National Parks are not theme parks

02:18, Jul 19 2013

"We need wilderness whether or not we ever set foot in it. We need a refuge even though we may not ever need to go there."  Edward Abbey, "Water".

This week, Conservation Minister Nick Smith made the difficult decision to decline a proposed bus tunnel through our greatest wilderness area, in Fiordland and Mt Aspiring National Parks. Top work by him!

The minister declared that this was one of the most "significant and difficult decisions" he had made in his time as a politician. In some ways, he's probably very right. The current Government has made no secret of its push for development, favouring a constant theme of economics trumping the environment, all in the name of "balance", where they say such decisions are made by "balancing" environmental outcomes against economic opportunities. Personally, I've always struggled with this approach to environmental management. If you take the "balance" line, essentially, what you get is a constant whittling away of environmental values over time when they are held up against economic opportunities.

Apparently when the minister announced his decision, journalists in the press gallery were surprised, leading one journo to comment that it wasn't a very "National Party decision".

Nick Smith says it was a trip to the site last month that swayed him. He said that the thought of half a million tonnes of "spoil" - that's the stuff that would be dug out to create the tunnel - in the Hollyford Valley was not in line with New Zealanders' love of our National Parks. In addition, the terminals would be right next to the end of the Routeburn Track (one of our Great Walks), which he thought would harm the experience of walkers.


In addition, Nick had more pragmatic concerns about the safety of the tunnel, and the cost of building such infrastructure in the remote area.

However, the National Parks Act and the Conservation Management Plans for the area involved probably would have made it very difficult indeed for him to approve this application.

Milford Dart Limited (MDL) have had the concept of the tunnel for the past seven years. It has come up against huge opposition from locals in both the small communities of Glenorchy and Te Anau.  

Te Anau locals celebrating the minister's decision to decline the tunnel this week.

In 1986, Unesco bestowed World Heritage status to this region in recognition of its "superlative natural phenomena" and "outstanding examples of the earth's evolutionary history".

Interestingly, the Department of Conservation hasn't been as fervent as the passionate locals, approving the tunnel idea in principle in 2011, and failing to alert Unesco about the planned development, despite South West Fiordland (Te Wahi Pounamu) being a World Heritage Area.  

The idea behind drilling a 11.3km tunnel between the Routeburn and Hollyford roads was to reduce the travel time for tourists who currently have to take a 286km journey from Queenstown through Te Anau.  It is a long journey (six hours each way) to get to Fiordland National Park.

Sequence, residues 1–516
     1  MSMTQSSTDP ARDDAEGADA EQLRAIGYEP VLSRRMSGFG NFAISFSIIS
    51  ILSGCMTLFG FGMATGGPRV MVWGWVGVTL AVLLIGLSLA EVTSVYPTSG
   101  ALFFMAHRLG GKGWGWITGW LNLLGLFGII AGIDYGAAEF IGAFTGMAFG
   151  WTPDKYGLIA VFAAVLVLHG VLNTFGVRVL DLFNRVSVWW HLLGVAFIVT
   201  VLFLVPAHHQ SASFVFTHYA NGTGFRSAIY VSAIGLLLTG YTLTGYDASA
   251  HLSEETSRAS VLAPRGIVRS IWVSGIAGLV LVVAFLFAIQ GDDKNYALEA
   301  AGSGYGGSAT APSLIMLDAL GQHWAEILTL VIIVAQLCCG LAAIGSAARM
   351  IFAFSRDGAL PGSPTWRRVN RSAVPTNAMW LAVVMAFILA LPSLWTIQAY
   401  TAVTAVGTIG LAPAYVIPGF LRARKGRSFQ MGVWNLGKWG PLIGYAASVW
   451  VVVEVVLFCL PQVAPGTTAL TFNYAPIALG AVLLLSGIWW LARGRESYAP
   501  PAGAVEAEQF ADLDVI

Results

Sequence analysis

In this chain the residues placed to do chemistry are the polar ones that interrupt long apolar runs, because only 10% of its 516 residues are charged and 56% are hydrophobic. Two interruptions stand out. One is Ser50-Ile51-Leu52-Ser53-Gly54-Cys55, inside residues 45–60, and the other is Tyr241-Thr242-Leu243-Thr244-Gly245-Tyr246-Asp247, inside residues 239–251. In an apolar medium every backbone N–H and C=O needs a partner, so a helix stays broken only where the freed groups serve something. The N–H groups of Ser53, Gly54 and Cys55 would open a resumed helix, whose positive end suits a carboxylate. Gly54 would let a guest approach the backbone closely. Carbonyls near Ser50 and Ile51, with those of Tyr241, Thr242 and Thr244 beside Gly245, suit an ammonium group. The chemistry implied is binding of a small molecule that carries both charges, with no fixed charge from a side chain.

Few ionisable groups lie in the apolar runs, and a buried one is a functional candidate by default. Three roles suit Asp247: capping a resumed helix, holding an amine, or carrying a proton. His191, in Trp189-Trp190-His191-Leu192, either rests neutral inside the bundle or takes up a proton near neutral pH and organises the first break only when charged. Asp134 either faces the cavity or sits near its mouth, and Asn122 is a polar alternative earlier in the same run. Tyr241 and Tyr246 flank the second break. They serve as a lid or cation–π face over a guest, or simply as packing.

There seems to be this idea that we should create some kind of sped-up fast-food approach to tourism to our wildest areas. I find this bizarre. A couple of years ago, I was lucky enough to visit Yellowstone National Park in the United States. Our trip to Yellowstone took us 225km, just shy of the distance that people have to travel to get to Milford Sound from Queenstown. I (and my fellow travellers) had no problem taking the roadie to Yellowstone; why would travellers mind a journey through some of our most beautiful country to get to Fiordland?  

The next decision the minister will have to make is about a monorail proposal in Fiordland - the monorail isn't on National Park land, which means the bar is not set as high, but it would mean clearing areas of native forest, building a road and all the infrastructure, and creating a lot of noise and activity in a place that has been internationally recognised as a wilderness area worthy of World Heritage Status.

It's Fiordland, not Disneyland. If tourists want a theme park adventure, can't they go to Rainbow's End?

I was lucky enough to spend a week in Fiordland National Park a couple of months ago - and there's something powerful about being in a place that is truly wild. Even the minister admitted that it gets to you. We don't need over-the-top, sped-up, commercial activities in this ancient place of shadows ... and for the visitors who thrive on that stuff, there are plenty of opportunities in places like Queenstown or Rotorua, for example.

In an interview on Campbell Live this week, Nick said: "I've got four kids, and I want to make a decision that when they're old and I'm gone, they'll say 'Yep, my Dad got it right'." Good on you, Minister, and we hope that you continue to make decisions with our future New Zealanders in mind.   

In light of your future decision - I'll leave you with this catchy tune from Lyle Langley from the Simpsons episode where a monorail becomes a safety hazard and white elephant, and the townspeople are left feeling foolish for being caught up in the hype.  Let's not let that be us.

What did you think about the tunnel decision? Would it be different for a monorail? I'd love to hear your thoughts.

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